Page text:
• This sparse, semi-electronic love song finds Marcus Mumford honoring the unknowability of his lady.

    I can't read your mind though I'm trying all the time
    There's something I don't know, I can see it in your eyes
    As the night descends, oh it's always slow again
    But I am left in awe of the woman I adore

    Another song that touches on the male's fascination with the mystery of the female species is U2's "Mysterious Ways."
  • Mumford & Sons reused on Delta the folk instruments they utilized on their first two albums but did not play on Wilder Mind. However they set out to make the instruments sound different to the way they're normally used. A case in point is this song's looped riff which the band told The Guardian was achieved by "chopping up banjos" with the studio software Logic.
  • Mumford & Son's Winston Marshall told the BBC he created a five-string cello banjo which he used on this song. "Trying to use a banjo without it ever sounding like a banjo was actually quite an exciting ambition for this album," he said.
  • The lo-fi video was shot in New York by Mumford & Sons' frequent collaborator James Marcus Haney and choreographed by Kristin Sudeikis. The clip follows two contemporary dancers, Stephanie Crousillat and Yeman Brown, in a series of intimate home video-style vignettes in which they portray lovers.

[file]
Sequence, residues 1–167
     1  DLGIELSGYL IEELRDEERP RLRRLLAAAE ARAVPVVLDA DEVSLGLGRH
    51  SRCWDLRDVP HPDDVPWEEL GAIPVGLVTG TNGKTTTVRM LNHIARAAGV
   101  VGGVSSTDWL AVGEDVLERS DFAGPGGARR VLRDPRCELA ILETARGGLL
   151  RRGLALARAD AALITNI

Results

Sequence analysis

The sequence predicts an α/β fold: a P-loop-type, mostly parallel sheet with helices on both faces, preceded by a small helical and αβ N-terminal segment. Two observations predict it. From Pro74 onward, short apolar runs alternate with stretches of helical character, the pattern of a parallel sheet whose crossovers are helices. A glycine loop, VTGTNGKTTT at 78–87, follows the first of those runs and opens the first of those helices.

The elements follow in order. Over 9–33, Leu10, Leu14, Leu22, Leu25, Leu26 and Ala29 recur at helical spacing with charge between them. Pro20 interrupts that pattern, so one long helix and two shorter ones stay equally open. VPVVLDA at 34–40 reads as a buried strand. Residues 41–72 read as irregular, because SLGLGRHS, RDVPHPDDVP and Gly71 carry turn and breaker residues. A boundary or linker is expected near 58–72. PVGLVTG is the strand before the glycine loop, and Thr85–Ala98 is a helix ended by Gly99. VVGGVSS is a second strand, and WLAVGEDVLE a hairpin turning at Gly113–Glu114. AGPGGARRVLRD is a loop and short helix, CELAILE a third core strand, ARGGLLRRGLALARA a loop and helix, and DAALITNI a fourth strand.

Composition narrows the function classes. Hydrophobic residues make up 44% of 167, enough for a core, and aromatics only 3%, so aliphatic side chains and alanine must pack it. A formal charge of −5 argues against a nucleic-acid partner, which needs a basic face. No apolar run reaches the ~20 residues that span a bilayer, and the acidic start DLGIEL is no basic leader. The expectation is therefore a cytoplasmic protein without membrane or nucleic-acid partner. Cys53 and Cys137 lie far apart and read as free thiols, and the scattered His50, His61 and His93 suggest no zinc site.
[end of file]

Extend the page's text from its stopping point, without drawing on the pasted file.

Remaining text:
• The video was inspired by Winston Marshall's newfound appreciation for the power of dance. The Mumford guitarist recalled to Dance Magazine that he first came across Brown after seeing him improvise to Beyoncé's "Halo" back in 2018. "My heart went into my throat and I was quite literally moved to tears," he said. "It stole my breath away. I didn't know dance could make you feel that way."
  • Though the song is titled "Woman," the male dancer Yeman Brown is the focus of much of the video. Marshall explained: "It's a little deceptive because the story of the song isn't the woman. It's the love between those two people and that's why the video is clever: It reveals that throughout the song. It's not something that smacks you in the face the first second of the video, it's something you learn."


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